Latest KFF Health News Stories
Sen. Raphael Warnock’s re-election in Georgia will give Democrats a clear-cut Senate majority for the first time in nearly a decade. Meanwhile, the current Congress has only days left to tackle major unfinished business on the health agenda, including fending off scheduled pay cuts for doctors and other health providers in the Medicare program. Joanne Kenen of the Johns Hopkins Bloomberg School of Public Health and Politico, Anna Edney of Bloomberg News, and Sandhya Raman of CQ Roll Call join KHN’s Julie Rovner to discuss these topics and more. Plus, for extra credit, the panelists recommend their favorite health policy stories of the week they think you should read, too.
Some insurers and employers are tapping into assistance programs meant for individual patients. The concern: Some costly drugs could be harder for patients to access.
Lupron, a drug patented half a century ago, treats advanced prostate cancer. It’s sold to physicians for $260 in the U.K. and administered at no charge. Why are U.S. hospitals — which may pay nearly as little for the drug — charging so much more to administer it?
Since pharmaceutical companies started funding their FDA drug applications 30 years ago, the agency’s reviews have gone much faster — perhaps too fast.
Congress has once again decided not to decide how to fund the federal government in time for the start of the fiscal year, racing toward a midnight Sept. 30 deadline to pass a stopgap bill that would keep the lights on for two more months. However, it does appear the FDA’s program that gets drugmakers to help fund some of the agency’s review staff will be renewed in time to stop pink slips from being sent. Alice Miranda Ollstein of Politico, Rachel Cohrs of Stat, and Victoria Knight of Axios join KHN’s Julie Rovner to discuss these topics and more. Also this week, Rovner interviews filmmaker Cynthia Lowen, whose new documentary, “Battleground,” explores how anti-abortion forces played the long game to overturn Roe v. Wade.
Texas is at least the 12th state to settle with St. Louis-based Centene Corp. over allegations that it overcharged Medicaid prescription drug programs.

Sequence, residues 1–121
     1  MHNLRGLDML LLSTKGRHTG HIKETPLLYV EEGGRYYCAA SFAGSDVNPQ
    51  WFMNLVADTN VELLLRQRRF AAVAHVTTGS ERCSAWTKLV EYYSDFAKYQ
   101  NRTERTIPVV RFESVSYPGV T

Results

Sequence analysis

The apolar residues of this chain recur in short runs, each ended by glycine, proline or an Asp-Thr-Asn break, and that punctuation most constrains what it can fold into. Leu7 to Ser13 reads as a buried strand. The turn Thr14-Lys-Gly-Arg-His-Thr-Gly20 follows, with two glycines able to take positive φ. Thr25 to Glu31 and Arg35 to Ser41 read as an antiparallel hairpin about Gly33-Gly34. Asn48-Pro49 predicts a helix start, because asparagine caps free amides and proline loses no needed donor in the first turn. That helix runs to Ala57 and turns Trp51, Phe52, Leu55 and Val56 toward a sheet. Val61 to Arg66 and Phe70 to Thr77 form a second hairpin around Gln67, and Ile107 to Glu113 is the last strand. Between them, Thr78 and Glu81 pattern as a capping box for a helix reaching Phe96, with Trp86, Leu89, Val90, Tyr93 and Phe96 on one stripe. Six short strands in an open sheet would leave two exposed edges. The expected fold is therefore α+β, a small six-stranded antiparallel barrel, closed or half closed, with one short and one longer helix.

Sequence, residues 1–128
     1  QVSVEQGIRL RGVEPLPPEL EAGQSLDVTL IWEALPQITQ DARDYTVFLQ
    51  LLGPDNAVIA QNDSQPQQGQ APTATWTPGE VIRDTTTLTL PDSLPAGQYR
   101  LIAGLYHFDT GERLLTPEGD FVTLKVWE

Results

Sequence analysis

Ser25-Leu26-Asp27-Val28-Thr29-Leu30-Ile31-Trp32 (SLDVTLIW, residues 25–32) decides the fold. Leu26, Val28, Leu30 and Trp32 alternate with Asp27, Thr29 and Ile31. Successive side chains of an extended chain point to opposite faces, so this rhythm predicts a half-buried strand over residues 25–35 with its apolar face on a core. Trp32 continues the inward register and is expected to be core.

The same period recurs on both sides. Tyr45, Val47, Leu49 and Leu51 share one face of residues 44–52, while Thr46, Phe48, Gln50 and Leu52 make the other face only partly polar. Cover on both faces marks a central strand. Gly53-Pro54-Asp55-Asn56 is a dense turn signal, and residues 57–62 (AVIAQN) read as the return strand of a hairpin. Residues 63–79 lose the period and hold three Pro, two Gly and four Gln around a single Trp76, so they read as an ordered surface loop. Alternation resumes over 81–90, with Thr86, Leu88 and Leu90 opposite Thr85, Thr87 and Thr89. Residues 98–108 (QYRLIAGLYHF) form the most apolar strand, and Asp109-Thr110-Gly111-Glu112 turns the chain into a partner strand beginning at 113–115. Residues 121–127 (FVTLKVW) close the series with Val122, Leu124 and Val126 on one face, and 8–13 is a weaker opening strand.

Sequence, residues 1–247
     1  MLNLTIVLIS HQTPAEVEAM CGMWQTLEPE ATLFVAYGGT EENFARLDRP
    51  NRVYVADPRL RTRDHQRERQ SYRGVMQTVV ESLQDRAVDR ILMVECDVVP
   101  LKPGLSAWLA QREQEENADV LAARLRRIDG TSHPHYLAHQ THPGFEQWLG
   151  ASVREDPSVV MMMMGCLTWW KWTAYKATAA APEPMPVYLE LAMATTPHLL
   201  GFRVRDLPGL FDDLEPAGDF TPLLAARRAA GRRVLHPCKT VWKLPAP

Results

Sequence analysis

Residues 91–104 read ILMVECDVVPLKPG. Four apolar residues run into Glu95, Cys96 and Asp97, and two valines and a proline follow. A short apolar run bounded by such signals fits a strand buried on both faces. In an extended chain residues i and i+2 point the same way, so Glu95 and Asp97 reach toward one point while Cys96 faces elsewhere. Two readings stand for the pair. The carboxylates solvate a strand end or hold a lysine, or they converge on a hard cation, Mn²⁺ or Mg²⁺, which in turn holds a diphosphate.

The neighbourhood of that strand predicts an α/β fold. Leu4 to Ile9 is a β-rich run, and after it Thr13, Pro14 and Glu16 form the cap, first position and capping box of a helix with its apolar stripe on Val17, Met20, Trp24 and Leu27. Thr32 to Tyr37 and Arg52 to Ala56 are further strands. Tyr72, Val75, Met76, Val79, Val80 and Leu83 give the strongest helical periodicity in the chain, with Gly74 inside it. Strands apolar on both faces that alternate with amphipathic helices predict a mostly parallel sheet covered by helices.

In this episode, Julie Rovner, chief Washington correspondent for KHN, guides listeners through decades of dealings between Congress and Big Pharma.
President Joe Biden has signed the Inflation Reduction Act and Congress is gone until after Labor Day. But the administration and lawmakers left lots of health policy achievements behind, including new rules to facilitate the sale of over-the-counter hearing aids and a potential reorganization of the Centers for Disease Control and Prevention. Anna Edney of Bloomberg News, Alice Miranda Ollstein of Politico, and Joanne Kenen of the Johns Hopkins Bloomberg School of Public Health and Politico join KHN’s Julie Rovner to discuss these issues and more. Also, for extra credit, the panelists suggest their favorite health policy stories of the week they think you should read, too.
Para millones de familias que viven con enfermedades crónicas, trastornos cardíacos, diabetes y cáncer, u otras condiciones debilitantes, la inflación está demostrando ser un doloroso flagelo que podría perjudicar su salud.
Inflation hasn’t hit Americans like this in decades. And families living with chronic diseases have little choice but to pay more for the medicine, supplies, and food they need to stay healthy.
For more than a century, the drug industry has issued dire warnings of plunging innovation whenever regulation reared its head. In general, the threat hasn’t materialized.